And that’s just the freeborn women we’re talking about here. Novelist Alice Walker has weighed in on Woolf’s essay, pointing out that women of colour faced even greater obstacles, citing the example of the African-American poet Phyllis Wheatly. Walker writes, “What then are we to make of Phillis Wheatley, a slave, who owned not even herself? This sickly, frail, Black girl who required a servant of her own at times—her health was so precarious—and who, had she been white, would have been easily considered the intellectual superior of all the women and most of the men in the society of her day.”
Make no mistake – women today still face obstacles and derision due to their gender, not just in their writing careers but in plenty of other areas across the board too. But without doubt, it is far easier for us women to write now than it was a few hundred, a hundred or even 50 years ago. The Women’s Marches held over the weekend has reminded me anew of how fortunate I am to be living in a time where I am an independent, educated woman with the financial and social freedom and the basic human rights that should be the birthright of everyone born into this world (but sadly even now are held back from many), that the only thing holding me back from writing would be myself.
It seems the fashion now for people to jeer at feminism, to be ashamed to admit they are a feminist or even to acknowledge they are not a feminist. And yet to those women who complain or speak disparagingly about feminism, I would say to you this: if it weren’t for the work of feminists and suffragettes in the past, of the women who marched and campaigned and risked being thrown into jail for voicing their opinions, who fought for our right to vote and be educated, to be employed and to make our own choices regarding our bodies, our marriage status and even our right to walk about freely outside our homes without a chaperone or a duenna hovering at our side, you would not have the social, economic and human rights you have now, you would not even have the ability to pick between the choices available to you or the chance to raise your voice and be heard.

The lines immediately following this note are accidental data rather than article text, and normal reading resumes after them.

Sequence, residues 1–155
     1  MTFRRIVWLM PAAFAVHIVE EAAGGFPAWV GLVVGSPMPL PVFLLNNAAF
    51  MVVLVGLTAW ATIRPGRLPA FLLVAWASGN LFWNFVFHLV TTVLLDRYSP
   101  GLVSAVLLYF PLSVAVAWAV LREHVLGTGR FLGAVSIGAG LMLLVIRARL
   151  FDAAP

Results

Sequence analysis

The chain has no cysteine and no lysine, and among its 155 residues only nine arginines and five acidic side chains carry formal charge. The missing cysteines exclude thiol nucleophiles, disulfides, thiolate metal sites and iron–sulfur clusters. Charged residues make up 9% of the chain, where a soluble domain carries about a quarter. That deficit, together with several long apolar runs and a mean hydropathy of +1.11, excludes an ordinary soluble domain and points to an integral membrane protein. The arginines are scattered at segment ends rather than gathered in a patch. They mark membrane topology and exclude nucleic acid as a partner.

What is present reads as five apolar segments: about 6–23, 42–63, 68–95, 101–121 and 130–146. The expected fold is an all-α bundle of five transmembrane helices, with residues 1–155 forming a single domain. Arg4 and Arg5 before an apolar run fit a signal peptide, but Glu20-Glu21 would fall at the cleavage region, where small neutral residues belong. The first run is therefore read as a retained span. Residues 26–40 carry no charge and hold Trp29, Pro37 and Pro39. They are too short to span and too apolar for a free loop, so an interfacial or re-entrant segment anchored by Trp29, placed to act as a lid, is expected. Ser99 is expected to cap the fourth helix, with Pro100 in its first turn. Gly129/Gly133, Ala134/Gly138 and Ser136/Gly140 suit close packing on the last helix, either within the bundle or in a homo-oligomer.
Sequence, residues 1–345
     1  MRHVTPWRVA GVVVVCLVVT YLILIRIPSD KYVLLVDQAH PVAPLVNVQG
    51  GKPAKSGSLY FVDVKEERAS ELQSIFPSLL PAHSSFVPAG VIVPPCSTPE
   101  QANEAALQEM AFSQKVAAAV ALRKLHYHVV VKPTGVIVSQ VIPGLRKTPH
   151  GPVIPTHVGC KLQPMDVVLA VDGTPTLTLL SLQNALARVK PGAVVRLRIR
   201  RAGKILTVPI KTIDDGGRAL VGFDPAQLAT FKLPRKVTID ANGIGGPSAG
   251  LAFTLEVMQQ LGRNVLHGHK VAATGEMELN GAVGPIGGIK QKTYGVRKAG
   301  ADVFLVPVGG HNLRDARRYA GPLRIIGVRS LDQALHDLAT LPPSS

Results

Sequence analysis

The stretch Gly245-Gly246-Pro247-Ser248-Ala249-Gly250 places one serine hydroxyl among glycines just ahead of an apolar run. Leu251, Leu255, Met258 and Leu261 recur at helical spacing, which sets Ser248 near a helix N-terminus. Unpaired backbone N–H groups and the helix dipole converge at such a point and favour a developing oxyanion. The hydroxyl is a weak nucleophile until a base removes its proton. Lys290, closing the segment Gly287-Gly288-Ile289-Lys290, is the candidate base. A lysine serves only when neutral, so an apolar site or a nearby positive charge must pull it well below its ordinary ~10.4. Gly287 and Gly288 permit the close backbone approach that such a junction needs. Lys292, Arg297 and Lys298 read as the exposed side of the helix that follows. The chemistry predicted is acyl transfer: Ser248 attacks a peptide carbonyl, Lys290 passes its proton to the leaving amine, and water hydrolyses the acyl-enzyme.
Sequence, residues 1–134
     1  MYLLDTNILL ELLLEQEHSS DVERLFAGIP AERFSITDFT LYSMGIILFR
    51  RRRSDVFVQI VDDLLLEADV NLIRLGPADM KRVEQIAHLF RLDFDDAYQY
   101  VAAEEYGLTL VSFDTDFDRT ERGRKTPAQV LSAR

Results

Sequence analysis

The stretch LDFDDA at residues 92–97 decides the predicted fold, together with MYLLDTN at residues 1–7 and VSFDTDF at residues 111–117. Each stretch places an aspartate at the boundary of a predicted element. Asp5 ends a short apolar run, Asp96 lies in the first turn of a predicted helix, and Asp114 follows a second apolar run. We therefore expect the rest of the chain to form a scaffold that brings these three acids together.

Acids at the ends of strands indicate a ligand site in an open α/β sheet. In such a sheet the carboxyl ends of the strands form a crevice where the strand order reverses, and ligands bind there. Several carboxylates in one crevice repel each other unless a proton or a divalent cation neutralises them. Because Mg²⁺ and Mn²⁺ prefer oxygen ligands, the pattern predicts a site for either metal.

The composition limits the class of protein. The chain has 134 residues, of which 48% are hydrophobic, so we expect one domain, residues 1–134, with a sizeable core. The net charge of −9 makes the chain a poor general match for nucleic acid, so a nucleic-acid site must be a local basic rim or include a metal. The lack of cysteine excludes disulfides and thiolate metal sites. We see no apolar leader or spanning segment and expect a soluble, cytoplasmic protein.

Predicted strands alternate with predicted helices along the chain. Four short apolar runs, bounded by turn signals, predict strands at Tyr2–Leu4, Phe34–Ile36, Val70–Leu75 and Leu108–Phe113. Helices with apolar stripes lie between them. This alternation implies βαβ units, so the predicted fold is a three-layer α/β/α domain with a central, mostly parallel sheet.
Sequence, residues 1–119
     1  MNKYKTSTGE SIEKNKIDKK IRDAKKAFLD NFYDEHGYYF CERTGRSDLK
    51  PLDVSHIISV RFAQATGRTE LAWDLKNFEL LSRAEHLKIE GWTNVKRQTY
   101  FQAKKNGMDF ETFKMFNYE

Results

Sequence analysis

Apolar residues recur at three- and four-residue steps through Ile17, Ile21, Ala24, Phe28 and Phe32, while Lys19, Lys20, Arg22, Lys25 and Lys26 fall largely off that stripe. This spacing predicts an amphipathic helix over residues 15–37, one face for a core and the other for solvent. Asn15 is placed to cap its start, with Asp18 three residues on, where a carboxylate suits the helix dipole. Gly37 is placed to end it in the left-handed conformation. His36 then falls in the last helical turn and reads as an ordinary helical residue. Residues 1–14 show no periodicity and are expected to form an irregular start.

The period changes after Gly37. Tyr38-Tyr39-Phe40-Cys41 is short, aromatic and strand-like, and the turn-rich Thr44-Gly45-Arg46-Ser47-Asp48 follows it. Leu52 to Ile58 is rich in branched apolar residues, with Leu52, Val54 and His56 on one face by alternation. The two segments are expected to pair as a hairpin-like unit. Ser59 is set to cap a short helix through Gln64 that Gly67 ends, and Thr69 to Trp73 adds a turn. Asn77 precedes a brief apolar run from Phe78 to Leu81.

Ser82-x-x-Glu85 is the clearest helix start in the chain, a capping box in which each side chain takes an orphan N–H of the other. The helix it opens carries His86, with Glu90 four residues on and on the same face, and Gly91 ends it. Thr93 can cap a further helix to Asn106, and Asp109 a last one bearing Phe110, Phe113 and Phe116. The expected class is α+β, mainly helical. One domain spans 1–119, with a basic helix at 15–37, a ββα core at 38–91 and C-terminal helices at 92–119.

But back to writing. When reminded of the obstacles faced by Wheatley, or of Anne Finch, a countess who was reluctant to publish her poems due to the derision other female writers faced at the time, or of George Eliot who published under a male name so that her works would be taken seriously, I realise how foolish and absurd I am to moan about procrastination or writer’s block or how I have to choose between staying home to write or going out to town for drinks.
Once cognisant of this good fortune of mine, I am more determined than ever to keep writing, to buckle down and never give up, and to remember that behind me I have my own ancestors, the feminine suffragettes, and hundreds of women (and men too) who have fought to establish these basic rights for women today so that I can now sit down with ease and write a novel at my leisure and follow this literary ambition of mine, the literary ambition of my sisters throughout the ages past.
I write for myself; I write for my readers too; and now I am reminded also that I write for my sisters – past, present and future.